A year and a half ago, my wife, Rebecca, and I accepted a call to Powell River Reformed Church in British Columbia. We uprooted our family after ten years in St. Albert, Alberta, and said goodbye to the wonderful congregation of Christ Community Church. One of God’s gifts to us here in our new location is a wonderful house that fits our large family. I describe it this way: “Quirky and in need of work, just like us.”
Last weekend, I was working outside. This past year has been filled with trimming and clearing the yard, which had been neglected for the better part of eight years. I was tackling a section that was overgrown with blackberry bushes. I plunged my shovel into the sandy soil trying to destroy a particularly nasty root. I pulled back hard and then—snap! I broke my shovel.
And there is my working metaphor for discipleship. I have a large yard that needs lots and lots of work. It seems that every time I grab some tools, I work like I can get years of tasks done in an afternoon. If I just buckle down and try harder, I can get it all done and then I can relax. But all I did was break my shovel.
I can approach the life of discipleship this way, too. If I just pray, study, worship, and share the good news feverishly, I can get a lifetime of obedience done quickly, and then—bam—I will be Christ-like in no time. Of course, I don’t believe this to be true and I would never preach this because it’s not in Scripture. But I do act like it sometimes. I have come to realize that my focus has been on doing rather than on being.
In my yard work, what am I like when I am working feverishly on a large job? Generally pretty focused (read: tunnel vision) and definitely not open to interruption. I can work to the point of physical exhaustion and then I am pretty useless to my family the rest of the day. In the yard, I see only what I need to do, and not who I need to be.
This is also true for me in life and in ministry. I can be so task-focused that I forget to pay attention to how I am showing up. Am I partially or fully present to the person in front of me? Am I truly listening or just waiting for my turn to speak? Am I aware of God’s presence or only of my frustration with a problem?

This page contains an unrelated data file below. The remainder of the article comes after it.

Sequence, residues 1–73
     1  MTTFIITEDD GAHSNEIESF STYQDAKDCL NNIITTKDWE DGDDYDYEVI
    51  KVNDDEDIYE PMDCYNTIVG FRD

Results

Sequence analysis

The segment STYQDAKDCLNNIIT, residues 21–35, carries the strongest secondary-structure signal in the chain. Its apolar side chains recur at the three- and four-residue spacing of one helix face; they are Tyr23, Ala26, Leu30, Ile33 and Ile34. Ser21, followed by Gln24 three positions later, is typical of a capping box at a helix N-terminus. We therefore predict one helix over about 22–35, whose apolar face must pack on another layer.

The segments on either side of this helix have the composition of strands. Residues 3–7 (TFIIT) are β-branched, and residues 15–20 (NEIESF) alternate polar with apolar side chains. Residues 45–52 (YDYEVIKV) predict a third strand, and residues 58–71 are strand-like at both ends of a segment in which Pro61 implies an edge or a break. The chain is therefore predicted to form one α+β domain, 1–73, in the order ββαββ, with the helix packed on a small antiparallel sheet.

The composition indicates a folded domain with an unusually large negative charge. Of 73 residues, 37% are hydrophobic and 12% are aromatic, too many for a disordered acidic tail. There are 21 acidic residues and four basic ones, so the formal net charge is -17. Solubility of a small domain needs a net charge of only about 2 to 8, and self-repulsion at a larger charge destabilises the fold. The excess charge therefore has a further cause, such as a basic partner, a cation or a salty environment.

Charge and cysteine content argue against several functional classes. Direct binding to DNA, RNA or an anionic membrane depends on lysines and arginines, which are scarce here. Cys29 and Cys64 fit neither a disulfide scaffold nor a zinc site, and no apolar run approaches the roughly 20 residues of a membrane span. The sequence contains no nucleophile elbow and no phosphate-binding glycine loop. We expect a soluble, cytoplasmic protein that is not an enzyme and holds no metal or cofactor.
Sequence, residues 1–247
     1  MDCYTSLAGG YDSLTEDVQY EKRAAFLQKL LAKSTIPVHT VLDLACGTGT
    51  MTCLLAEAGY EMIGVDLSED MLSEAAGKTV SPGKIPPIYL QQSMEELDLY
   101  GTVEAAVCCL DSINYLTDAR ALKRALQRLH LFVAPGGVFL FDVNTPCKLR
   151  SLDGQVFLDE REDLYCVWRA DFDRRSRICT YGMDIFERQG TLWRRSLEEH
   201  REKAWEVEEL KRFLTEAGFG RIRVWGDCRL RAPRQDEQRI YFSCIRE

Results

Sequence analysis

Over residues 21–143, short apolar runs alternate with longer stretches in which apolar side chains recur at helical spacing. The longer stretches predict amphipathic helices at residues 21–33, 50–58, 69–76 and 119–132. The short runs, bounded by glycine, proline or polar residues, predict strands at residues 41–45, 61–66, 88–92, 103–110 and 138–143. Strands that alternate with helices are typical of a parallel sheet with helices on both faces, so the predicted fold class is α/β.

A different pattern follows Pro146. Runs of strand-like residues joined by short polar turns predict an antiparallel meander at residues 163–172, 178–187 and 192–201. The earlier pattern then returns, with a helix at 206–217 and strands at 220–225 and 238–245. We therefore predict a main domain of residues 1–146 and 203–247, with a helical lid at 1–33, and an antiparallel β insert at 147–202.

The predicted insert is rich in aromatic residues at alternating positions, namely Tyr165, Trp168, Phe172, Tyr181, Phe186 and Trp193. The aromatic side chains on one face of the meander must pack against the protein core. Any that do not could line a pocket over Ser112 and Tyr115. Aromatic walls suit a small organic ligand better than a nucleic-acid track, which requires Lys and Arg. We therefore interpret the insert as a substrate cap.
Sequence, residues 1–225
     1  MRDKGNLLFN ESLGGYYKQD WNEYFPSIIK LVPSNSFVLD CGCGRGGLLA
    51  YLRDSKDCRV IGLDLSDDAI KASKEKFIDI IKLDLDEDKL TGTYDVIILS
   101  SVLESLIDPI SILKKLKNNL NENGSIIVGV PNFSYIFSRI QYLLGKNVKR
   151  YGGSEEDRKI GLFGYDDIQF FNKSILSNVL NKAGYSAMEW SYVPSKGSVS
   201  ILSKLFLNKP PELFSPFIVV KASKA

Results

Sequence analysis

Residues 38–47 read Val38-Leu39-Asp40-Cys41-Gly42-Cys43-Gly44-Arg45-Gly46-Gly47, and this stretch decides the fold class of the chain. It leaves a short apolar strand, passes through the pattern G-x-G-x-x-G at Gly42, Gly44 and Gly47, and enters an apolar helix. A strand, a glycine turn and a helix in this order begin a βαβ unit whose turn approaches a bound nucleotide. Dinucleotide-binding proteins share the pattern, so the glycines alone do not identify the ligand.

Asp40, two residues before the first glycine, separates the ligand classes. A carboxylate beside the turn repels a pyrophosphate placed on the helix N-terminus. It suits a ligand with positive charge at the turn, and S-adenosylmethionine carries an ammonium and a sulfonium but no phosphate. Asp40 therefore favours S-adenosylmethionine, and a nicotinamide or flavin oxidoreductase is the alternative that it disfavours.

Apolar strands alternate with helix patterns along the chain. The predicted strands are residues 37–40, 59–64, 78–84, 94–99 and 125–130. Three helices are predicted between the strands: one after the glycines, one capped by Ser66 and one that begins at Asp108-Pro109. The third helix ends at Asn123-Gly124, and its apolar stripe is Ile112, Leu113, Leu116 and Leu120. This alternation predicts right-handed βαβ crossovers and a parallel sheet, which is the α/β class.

What I believe about discipleship
As I stood there with two pieces of shovel in my hand, I was reminded once again what I actually believe about discipleship. First, discipleship is about resting in my identity as a beloved child of God, which was given through the death and resurrection of Jesus and the gift of the Holy Spirit. I did not and cannot ever earn this beautiful gift of salvation. As I rest in the truth that I am loved, I am free to obey God’s commands to love him and love others.
Second, discipleship is about being a particular way in relationships so that other people can see the gospel. Right now, I am trying to live into three values that I see so clearly in the life of Jesus. I want to be calm, curious, and compassionate. Whether this is with raising five boys, pastoring a church, navigating through our denominational uncertainty, or building relationships with my neighbours, I want to show up in these three particular ways. I see Jesus being calm, curious, and compassionate in the gospels and I want to be like him.
Third, discipleship is about doing something. I can only do one part of my yard at a time. And when I break a tool, I must either repair it or find a new one. Discipleship is a lifelong process of learning to obey and teach the commands of Jesus. I don’t need to be in a hurry. I haven’t mastered obedience yet. I can only take it one day at a time. (Didn’t Jesus teach us something about daily bread?) So I will learn to be faithful with what is right in front of me. It could be hacking a nasty blackberry bush, giving my child a snack, walking with my wife beside the ocean, offering a ride to my neighbour, or leading the congregation in worship.
I thank God for that broken shovel. I won’t throw it out. I’ll hang it somewhere to remind me of this glorious life of discipleship to which God has called us.
This article was also published in RCA Today, the Reformed Church in America’s denominational magazine.